Competition: the way a monopoly is dismantled
This week we offer a series of blogs looking at how the traditional public school system in Kentucky – which enjoys a virtual monopoly over deciding where your child can go to school – has been seduced by its own power in arrogant ways that adversely impact students and taxpayers alike. We will show how giving Kentucky parents the competition provided by badly needed school-choice options is the way to curb that monopoly power.
Monopoly attitude in Dayton Schools found in other school systems, too
I wrote yesterday about a former school superintendent’s abuse of power in the Dayton Independent Schools system. That superintendent is going to do federal time in prison for embezzlement.
Another audit indicates this isn’t the only example of misuse of public money and abuse of trust in Kentucky’s public-education system.
Today, we move still further up the Ohio River past Northern Kentucky and on to Mason County, where yet another audit from the Kentucky Auditor of Public Accounts reveals the same monopoly madness discovered in the Dayton schools. Actually, the Mason audit was completed about six months before the Dayton audit was released.
Reminiscent of Dayton, the Kentucky Auditor’s office found significant examples of misappropriation of education dollars.
A few of the disturbing findings in Mason County schools audit include:
• Mason County school board members allowed — and even participated in — excessive meals during in-state and out-of-state trips.
• Expenditures totaling $44,237 were made with no documented business purpose.
• No supporting documentation was provided for over $111,191 of credit card charges and expense reimbursements.
• Supt. Tim Moore overstated trip mileage and received mileage reimbursement for duplicate or conflicting trips.
• Moore and his staff received advance payment for trips contrary to state law, district policies and the superintendent’s employment contract.
• Moore received compensation and benefits in excess of employment contract.
• Moore’s contract was repeatedly extended without documenting contract provisions or referencing the original document.
• The district paid duplicate costs for certain of Moore’s travel-related benefits.
• The district did not report employee fringe benefits until the 2011 calendar year.
• School district employees and board members had reimbursements, credit card charges and direct payments for meals unrelated to overnight travel.
• Meals continued to be charged on school district credit cards even after implementation of a new school-district policy requiring reimbursement on a per-diem basis.
The Mason County situation is particularly disturbing to us at the Bluegrass Institute because we identified the district as one of our “Diamonds in the Rough” in our Bang for the Buck 2012 report. Mason earned that distinction for posting above average ACT scores despite significant student poverty and modest school funding.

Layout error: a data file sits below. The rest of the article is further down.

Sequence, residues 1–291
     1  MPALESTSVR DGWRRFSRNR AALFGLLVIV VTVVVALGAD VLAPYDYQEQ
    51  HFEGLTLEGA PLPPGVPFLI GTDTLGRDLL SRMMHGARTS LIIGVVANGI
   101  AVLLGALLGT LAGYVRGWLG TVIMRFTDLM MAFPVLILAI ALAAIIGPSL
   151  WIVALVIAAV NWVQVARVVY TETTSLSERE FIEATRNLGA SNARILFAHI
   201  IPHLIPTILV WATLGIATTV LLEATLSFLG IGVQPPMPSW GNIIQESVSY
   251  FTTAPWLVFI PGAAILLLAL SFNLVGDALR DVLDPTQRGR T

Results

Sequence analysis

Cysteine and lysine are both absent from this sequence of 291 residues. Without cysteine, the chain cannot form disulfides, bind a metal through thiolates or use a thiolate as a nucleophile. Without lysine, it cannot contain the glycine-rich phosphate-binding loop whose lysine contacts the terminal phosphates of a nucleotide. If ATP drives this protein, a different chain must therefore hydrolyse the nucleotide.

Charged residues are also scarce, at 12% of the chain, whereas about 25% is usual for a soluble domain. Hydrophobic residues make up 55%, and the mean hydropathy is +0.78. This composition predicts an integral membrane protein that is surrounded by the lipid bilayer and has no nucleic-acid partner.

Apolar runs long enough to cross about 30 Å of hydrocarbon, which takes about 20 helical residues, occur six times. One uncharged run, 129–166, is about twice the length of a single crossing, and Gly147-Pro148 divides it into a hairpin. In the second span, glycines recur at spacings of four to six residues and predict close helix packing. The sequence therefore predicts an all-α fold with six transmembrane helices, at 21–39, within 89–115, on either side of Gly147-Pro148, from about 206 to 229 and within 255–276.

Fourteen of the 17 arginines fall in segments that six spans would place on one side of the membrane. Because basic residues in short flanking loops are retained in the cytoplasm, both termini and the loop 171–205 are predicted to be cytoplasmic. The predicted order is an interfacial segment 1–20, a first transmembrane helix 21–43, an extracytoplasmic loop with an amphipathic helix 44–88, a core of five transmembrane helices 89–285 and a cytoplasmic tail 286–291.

Now, it appears that the funding in Mason County was even more modest than we thought due to skimming off the top on the part of adults in charge of the school system. How much better might Mason have performed if the adults in charge had not made off with the kids’ money? Sadly, we’ll never know.
Moore retired almost immediately after the audit came out. But, the story does not end there. On May 23, 2014 the Maysville Ledger Independent announced:
“Former Mason County Schools Superintendent Tim Moore was indicted Friday by a Mason County grand jury, accused of abuse of public trust.”
According to the Ledger Independent, the indictment says:
“A State Auditor audit revealed that, as superintendent of the Mason County School District … Timothy G. Moore, a public servant, during the period of 2007 through 2012, obtained and/or dealt with public monies and/or public property, intentionally failed to make the required payment or disposition, and used them as his own in an amount greater than $10,000 but less than $100,000, thus committing the offense of abuse of public trust.”
So, the story in Mason County remains an on-going situation. Whether or not the superintendent is actually guilty remains a matter for the courts to determine, of course.
However, the audit certainly raises disturbing questions about public school funding in Mason County.
Which brings us back to a more central question: “How do you dismantle a monopoly?” The answer is to create competition.
The obvious need to create competition for the traditional public school monopoly in Kentucky is one of the reasons why the Bluegrass Institute favors more school choice, including the nationally popular option of public charter schools.
School choice: it’s one way an under-performing, monopoly-like public education system experiences real reform and demonstrates real improvement.